Mallory Heiney, a 21-year-old former student of the now-defunct Everest College, is part of a group of students refusing to pay back their student loans.
Heiney wrote an op-ed article in The Washington Post in which she described the lies Everest allegedly told her as well as the insufficient education she says she received.
Heiney called Everest a “debt trap.” When she explained to her adviser that she couldn’t afford student-loan payments while in school, she was assured she could defer the payments on her $24,000 in student loans until post-graduation, according to her article.
That ended up being untrue, she said. Heiney said she was on the hook to start paying interest payments on her loans two months into her program.
The program also allegedly failed to provide her with a quality education. She said her teachers did little more than read aloud from textbooks, and she was unaware of basic concepts required to pass her nursing licensing exam. She said she was able to pass only by “spending hours researching the test questions online and watching YouTube videos.”
Heiney and 15 other students who attended the Corinthian College system have banded together to fight what they describe as predatory student-loan tactics by the financial aid offices and a failure to provide quality education.
The members of the group, referred to as the Corinthian 15, feel justified in their refusal to pay back their loans. They believe they are fighting for students everywhere who are manipulated by unfair university practices and are riddled with student loan debt as a result.
“In 1955, Rosa Parks refused to give up her seat on a bus,” Heiney wrote in her article. “This soon led to the revolutionary Montgomery bus boycott. If those who came before us can take a stand in the face of persecution, harassment, beatings, imprisonment and even death, I will certainly stand in the face of wage garnishment and a tarnished credit report.”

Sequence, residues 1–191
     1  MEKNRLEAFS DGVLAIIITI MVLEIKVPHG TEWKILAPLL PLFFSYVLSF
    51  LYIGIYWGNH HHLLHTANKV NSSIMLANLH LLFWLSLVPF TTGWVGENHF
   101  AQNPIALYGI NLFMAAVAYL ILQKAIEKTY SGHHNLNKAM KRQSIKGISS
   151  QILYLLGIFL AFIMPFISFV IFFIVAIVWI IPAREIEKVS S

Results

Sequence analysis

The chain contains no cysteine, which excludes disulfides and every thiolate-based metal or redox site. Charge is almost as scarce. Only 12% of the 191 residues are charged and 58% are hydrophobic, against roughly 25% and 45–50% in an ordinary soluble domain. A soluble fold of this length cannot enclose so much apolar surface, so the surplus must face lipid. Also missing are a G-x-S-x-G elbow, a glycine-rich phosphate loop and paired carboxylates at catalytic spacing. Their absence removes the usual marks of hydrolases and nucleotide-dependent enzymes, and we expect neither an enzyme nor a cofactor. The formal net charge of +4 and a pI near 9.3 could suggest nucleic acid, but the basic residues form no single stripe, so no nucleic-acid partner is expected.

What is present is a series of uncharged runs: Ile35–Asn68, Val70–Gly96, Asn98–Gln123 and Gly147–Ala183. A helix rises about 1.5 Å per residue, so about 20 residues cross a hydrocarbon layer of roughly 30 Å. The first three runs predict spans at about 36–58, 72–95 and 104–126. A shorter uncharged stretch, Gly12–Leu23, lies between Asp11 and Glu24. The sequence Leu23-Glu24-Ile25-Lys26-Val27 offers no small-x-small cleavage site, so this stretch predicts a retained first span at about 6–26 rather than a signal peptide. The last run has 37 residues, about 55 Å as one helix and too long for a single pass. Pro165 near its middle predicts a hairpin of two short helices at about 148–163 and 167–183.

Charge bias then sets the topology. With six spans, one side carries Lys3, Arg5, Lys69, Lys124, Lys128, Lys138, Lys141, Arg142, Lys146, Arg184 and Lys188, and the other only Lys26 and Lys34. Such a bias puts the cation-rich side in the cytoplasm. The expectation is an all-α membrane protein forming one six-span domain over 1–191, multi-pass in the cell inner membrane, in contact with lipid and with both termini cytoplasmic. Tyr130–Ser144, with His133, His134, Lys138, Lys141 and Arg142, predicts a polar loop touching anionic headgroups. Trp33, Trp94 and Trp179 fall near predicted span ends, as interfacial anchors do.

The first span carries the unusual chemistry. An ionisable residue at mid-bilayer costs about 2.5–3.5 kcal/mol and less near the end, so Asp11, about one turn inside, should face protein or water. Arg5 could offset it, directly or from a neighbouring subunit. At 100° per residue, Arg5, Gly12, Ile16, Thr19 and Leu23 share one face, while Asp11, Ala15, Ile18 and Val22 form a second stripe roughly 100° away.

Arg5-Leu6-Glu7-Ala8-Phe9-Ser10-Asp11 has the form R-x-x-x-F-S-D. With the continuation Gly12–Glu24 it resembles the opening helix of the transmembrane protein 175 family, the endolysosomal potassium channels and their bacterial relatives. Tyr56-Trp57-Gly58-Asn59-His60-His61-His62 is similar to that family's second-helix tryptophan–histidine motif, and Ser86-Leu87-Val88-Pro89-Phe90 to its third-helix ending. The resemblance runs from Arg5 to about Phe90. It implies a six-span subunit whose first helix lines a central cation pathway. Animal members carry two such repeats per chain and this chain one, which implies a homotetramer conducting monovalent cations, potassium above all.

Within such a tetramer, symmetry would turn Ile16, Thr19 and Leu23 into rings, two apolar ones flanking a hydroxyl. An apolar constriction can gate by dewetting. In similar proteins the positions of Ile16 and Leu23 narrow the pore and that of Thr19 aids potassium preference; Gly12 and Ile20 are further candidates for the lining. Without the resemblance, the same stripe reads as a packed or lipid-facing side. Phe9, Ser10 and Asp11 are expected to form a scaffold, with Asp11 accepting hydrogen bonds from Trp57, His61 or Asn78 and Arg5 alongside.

AP Photo/Jose Luis Magana
Prior to 2014, Corinthian Colleges Inc. was a network of more than 100 schools and one of the largest for-profit college companies in the US. But numerous investigations and lawsuits alleging wrongdoing against the company rapidly decreased its size. In July 2014, an agreement with the US Department of Education (DOE) forced Corinthian to sell 85 of its schools and close another 12.
After litigation was brought against the company and many of the colleges closed, the Consumer Financial Protection Bureau (CFPB) and the DOE worked together to secure $480 million in debt relief to students of Corinthian.
“These consumers were lured into high-cost loans destined to default, and then targeted with aggressive debt collection tactics. We will be vigilant to ensure that consumers receive this important relief and that others are protected in the for-profit college industry,” Richard Cordray, director of the CFPB, said in a statement.
But that relief aid covers only the private loan debt that students borrowed from the school. Any federal loan debt that students borrowed has not been waived.
The Corinthian 15 cite The Higher Education Act of 1965 in defense of their refusal to pay back the entirety of their student-loan debt, saying that students whose schools have closed are allowed to withdraw and have their loans discharged.
Heiney is angry at a system she believes lets Corinthian off the hook but punishes students who took out loans to get a quality education at colleges that no longer exist. “Corinthian Colleges had the option to threaten bankruptcy, sell its campuses and wash its hands of its financial problems,” she said. “But students are stuck with their debt.”
We reached out to Corinthian Colleges for comment on The Washington Post op-ed article and will update this post if we hear back.